Investigating a microRNA-499-5p network during cardiac development

Wittig, Johannes (2019) Investigating a microRNA-499-5p network during cardiac development. Doctoral thesis, University of East Anglia.

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Cardiovascular disease is a major cause of death world-wide, which makes it important to study cardiac development. Research into the heart, the first functioning organ in the body, will provide new knowledge to understand potential causes of different heart conditions. Cardiac maturation is a complex process depending on several different signalling cascades, which are fine-tuned by microRNAs. Alterations in NOTCH1 and ETS1 signalling have been linked to congenital heart defects and diseases. NOTCH1 is vital for cardiac septation and trabeculation, whereas ETS1 is necessary for neural crest cell coordination and proper maturation of the endocardial cushions. Further, both of them are important for inducing epithelial to mesenchymal transition in different tissues. Next generation sequencing of small RNAs has identified several microRNAs (miR-126, miR-499 & miR- 451) upregulated during cushion formation (HH17-20 chicken). This was confirmed by RT-qPCR. Interestingly, one of these microRNAs (microRNA-499-5p) targets a site present in the ETS1 and NOTCH1 3’UTR and microRNA-499-5p mimics repressed expression of a luciferase reporter gene. A cardiac injection procedure was developed in the context of this project to asses differential expression and phenotypes after AntagomiR mediated microRNA-499-5p knockdown in vivo. RNAseq revealed strong modulation of extracellular matrix genes, which are connected to ETS1 and upregulation of a NOTCH signalling cascade that affected cardiac Troponin. Along with these gene expression changes we have observed increased ECM deposition at the sites of endocardial cushions by sectioning hearts and subsequent 3D-reconstruction and volume measurements. Moreover, a reduced heart rate in knockdown animals has been observed which was linked to cardiac contraction defects due to reduced TNNT2 expression which may have caused Ca2+ desensitization. TNNT2 reduction came with reduced TBX3 expression which potentially links the observed defects to the conduction system. Future experiments should strengthen the observed links and specify TNNT2s and TBX3s relation to cardiac conduction.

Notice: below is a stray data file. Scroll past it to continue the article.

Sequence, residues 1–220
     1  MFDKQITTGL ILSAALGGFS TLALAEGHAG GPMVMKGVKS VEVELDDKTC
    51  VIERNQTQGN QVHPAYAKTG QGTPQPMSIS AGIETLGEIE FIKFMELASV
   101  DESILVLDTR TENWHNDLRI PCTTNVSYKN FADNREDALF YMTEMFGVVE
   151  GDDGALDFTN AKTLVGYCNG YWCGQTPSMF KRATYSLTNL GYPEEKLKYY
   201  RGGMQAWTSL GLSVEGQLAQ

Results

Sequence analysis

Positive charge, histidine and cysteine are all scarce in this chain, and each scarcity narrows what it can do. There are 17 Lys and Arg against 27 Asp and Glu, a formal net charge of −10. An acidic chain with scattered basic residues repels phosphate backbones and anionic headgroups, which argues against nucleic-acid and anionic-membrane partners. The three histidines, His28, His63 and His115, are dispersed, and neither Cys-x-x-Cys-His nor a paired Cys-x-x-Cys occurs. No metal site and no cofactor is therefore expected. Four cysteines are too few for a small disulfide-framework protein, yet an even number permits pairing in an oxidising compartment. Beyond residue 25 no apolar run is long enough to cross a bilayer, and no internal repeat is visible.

Item Type: Thesis (Doctoral)
Faculty \ School: Faculty of Science > School of Biological Sciences
Depositing User: Users 11011 not found.
Date Deposited: 12 Nov 2019 14:27
Last Modified: 07 May 2021 00:40


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